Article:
What is Music Therapy and 5 Ways it Benefits Seniors

You don’t have to be a professional musician to experience the pleasure of hearing your favorite song. Music has the power to transport us back in time, evoking memories and feelings from our past. Hearing a song you enjoy can provide comfort and cheer during difficult times and turn a bad mood around almost instantaneously.

The majority of adults aged 65 to 85 are known to have at least one chronic ailment, such as heart disease, diabetes, cancer, or arthritis. A number of age-related changes in physical, mental, and emotional well-being can occur in the aging population. This is why music therapy may be so beneficial for seniors and their caregivers.

What is Music Therapy? 

Under the direction of a qualified music therapist, music therapy combines clinical and research-proven musical therapies to assist people in reaching their individual goals. Music therapy is classified into two types: active and receptive. Anyone can participate because the musical ability is not required.

  • Active Music Therapy:   You are actively participating in this type of therapy. It usually consists of simple instruments, dancing, or singing. Such action promotes physical stimulation, which can be beneficial to one’s physical health.
  • Receptive Music Therapy:  This entails time spent listening to music mindfully, generally with specifically curated recorded or live music. Songs are frequently chosen to reflect a person’s culture, generation, and personal experiences.

Music therapy has even been proven to increase memory, communication, and physical and mental rehabilitation. As a result, music therapy can be especially beneficial for seniors, as it can aid in treating age-related issues such as stress, depression, and chronic pain.

Benefits of Music Therapy

Music therapy has been shown to aid some seniors in restoring and maintaining their health, as well as in recalling memories and combating depression. Music therapy was defined in the Older Americans Act of 1992 as “the use of musical or rhythmic interventions specifically selected by a music therapist to accomplish the restoration, maintenance, or improvement of an older individual’s social or emotional functioning, mental processing, or physical health.”

Music therapy for seniors can help with issues such as:

Speech Skills: Music therapy has been shown to assist older persons in answering questions, making decisions, and speaking clearly. It can also slow the deterioration of dementia patients’ speech and language skills; studies have shown that even after an Alzheimer’s patient loses the capacity to talk, they can still recognize and even hum or sing their favorite song.

Cognitive Skills: Music can assist seniors to process their ideas and remember things. Many individuals identify music with past events, and hearing a song can bring up memories even years later. Music from the patient’s youth or early adult years has been shown to elicit a positive response and involvement in dementia patients, even when the patient is unable to communicate.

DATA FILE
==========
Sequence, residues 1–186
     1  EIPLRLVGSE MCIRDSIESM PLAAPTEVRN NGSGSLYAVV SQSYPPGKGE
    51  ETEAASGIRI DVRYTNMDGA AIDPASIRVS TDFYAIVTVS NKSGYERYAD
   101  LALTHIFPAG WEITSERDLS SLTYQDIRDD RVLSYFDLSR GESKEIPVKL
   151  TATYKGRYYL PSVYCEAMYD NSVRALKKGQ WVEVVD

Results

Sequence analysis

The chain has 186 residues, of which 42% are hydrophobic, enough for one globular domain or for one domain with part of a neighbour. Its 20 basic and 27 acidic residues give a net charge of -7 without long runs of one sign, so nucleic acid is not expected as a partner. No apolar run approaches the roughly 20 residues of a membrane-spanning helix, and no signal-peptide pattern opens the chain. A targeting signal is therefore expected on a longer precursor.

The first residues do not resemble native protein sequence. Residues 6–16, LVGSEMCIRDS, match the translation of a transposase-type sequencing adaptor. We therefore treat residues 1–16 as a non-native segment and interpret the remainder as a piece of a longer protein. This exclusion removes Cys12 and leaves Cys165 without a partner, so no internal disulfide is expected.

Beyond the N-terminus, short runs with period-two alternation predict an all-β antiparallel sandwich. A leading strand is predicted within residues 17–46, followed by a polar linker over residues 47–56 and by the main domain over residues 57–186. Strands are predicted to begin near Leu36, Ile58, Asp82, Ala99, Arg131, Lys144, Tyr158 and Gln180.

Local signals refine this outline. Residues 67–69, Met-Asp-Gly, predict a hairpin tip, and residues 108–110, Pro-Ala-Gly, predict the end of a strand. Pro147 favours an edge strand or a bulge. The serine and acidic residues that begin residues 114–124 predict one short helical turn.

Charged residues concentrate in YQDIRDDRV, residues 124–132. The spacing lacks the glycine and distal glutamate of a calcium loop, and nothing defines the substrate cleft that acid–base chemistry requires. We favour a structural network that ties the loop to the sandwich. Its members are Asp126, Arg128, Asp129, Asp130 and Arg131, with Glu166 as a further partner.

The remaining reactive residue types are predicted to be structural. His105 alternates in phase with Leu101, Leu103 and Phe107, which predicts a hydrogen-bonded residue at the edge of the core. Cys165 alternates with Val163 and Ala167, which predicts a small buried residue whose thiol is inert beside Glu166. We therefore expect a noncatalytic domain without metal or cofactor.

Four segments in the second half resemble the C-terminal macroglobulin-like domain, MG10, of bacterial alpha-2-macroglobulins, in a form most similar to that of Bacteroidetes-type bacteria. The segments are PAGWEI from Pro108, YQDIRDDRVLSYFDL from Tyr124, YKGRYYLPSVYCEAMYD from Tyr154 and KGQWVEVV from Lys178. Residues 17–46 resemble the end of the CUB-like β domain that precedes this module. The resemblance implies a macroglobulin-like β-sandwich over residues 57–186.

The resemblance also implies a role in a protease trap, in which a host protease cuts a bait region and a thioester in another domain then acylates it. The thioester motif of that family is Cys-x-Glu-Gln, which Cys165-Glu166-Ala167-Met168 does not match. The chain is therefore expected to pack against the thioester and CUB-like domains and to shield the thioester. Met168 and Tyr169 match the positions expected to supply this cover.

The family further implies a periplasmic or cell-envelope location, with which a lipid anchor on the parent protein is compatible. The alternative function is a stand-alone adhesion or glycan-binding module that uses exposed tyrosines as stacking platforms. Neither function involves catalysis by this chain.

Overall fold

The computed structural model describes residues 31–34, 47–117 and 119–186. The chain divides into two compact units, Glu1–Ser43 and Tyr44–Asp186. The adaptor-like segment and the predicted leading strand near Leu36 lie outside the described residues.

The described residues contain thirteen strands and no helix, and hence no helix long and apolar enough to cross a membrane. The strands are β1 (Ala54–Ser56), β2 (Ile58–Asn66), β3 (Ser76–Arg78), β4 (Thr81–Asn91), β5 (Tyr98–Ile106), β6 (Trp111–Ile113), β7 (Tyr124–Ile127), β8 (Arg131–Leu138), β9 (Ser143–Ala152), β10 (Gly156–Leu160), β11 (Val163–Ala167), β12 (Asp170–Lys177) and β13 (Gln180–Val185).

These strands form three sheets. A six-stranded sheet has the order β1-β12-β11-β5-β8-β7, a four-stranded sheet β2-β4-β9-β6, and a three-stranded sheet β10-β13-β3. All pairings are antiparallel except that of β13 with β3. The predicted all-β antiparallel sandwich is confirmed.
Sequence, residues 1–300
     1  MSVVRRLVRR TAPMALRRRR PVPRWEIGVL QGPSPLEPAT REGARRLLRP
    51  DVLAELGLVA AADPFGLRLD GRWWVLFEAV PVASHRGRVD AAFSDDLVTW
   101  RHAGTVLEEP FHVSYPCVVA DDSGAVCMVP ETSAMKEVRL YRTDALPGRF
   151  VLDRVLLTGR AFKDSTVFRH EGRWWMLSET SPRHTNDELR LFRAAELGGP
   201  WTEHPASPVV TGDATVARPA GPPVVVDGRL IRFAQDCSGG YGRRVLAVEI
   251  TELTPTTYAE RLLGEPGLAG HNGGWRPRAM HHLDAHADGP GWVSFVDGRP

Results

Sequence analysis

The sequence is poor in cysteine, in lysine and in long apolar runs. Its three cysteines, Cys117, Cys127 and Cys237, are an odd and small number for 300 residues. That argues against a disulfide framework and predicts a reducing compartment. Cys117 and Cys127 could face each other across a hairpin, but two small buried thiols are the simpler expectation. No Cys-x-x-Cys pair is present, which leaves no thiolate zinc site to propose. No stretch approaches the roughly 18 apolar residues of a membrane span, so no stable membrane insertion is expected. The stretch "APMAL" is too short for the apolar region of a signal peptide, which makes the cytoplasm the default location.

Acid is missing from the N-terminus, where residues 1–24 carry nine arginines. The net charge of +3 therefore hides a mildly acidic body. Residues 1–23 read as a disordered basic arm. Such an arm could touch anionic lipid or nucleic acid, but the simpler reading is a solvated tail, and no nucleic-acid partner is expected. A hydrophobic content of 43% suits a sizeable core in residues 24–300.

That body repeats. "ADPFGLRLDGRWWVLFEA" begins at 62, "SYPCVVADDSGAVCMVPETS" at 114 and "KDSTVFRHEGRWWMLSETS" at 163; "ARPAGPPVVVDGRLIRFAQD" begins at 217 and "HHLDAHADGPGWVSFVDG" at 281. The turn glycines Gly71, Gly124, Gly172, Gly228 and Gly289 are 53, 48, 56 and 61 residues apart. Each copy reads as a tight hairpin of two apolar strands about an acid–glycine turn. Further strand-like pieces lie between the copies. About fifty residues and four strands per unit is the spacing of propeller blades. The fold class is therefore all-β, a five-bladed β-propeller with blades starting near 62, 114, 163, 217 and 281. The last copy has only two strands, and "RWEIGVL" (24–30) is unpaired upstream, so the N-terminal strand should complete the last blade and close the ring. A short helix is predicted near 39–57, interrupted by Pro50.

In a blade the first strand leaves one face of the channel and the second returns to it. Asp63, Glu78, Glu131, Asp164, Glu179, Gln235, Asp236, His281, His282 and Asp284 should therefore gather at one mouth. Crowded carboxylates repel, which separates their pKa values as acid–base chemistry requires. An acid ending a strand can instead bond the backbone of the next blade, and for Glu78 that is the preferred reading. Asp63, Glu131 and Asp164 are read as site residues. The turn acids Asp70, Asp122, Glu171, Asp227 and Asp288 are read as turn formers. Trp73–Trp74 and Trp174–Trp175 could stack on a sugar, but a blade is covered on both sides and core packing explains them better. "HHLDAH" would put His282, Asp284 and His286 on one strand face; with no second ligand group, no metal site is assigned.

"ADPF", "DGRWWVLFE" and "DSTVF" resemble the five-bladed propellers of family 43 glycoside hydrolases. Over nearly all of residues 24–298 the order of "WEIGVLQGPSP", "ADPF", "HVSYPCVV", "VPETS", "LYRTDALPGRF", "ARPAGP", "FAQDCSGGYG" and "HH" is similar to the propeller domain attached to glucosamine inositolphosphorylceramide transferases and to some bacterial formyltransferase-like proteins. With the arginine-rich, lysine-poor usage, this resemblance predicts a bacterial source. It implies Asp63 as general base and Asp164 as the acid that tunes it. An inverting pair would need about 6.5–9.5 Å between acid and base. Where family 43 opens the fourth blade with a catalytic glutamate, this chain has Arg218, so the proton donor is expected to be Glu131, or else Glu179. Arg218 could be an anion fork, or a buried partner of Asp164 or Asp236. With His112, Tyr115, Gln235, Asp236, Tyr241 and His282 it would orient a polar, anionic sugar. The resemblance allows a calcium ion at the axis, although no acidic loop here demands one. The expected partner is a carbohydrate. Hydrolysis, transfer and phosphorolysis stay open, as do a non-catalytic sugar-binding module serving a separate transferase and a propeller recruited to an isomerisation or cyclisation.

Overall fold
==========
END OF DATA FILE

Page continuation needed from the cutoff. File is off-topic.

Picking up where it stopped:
Social Skills: Another advantage that music therapy can provide seniors is increased social engagement with caregivers and others. It promotes interaction, which can help ease feelings of loneliness and sadness.

Physical Skills: Seniors can be motivated to move by music. After all, music inspires dancing. Music and dance aid with coordination and can improve walking and endurance. Even if your loved one is unable to walk, music can stimulate toe tapping and clapping, which gets the blood flowing.

Stress Reduction: Some caregivers struggle to manage their older loved one’s stress and irritation. Playing music they like can help them relax and reduce their aggressive behavior. Slow tunes, such as ballads and lullabies, might help your loved one prepare for bed or cope with changes in their routine that may cause stress.

How Caregivers Can Help With Music Therapy? 

Music has the power to elicit pleasant moments, improve one’s mood, and reduce anxiety and depression. Although in-home caregivers are not qualified music therapists, they can assist your loved one in reaping the full advantages of music therapy at home.

In-home caregivers can help your loved one listen to and appreciate music in the comfort of their own home. They can follow the advice of a certified music therapist, playing the appropriate music at a suitable volume for the appropriate amount of time. They can also get your older loved one to exercise, dance, sing, and enjoy themselves.

Maintaining the brain’s function is important to the general health and well-being of seniors at home. Consider incorporating music therapy into your loved one’s treatment plan, and allow them to enjoy its melodic benefits. 

If you live in Maryland or DC and are looking for compassionate home care services for yourself or a loved one, please contact Thrive USA Home Care now at (301) 882-4717.

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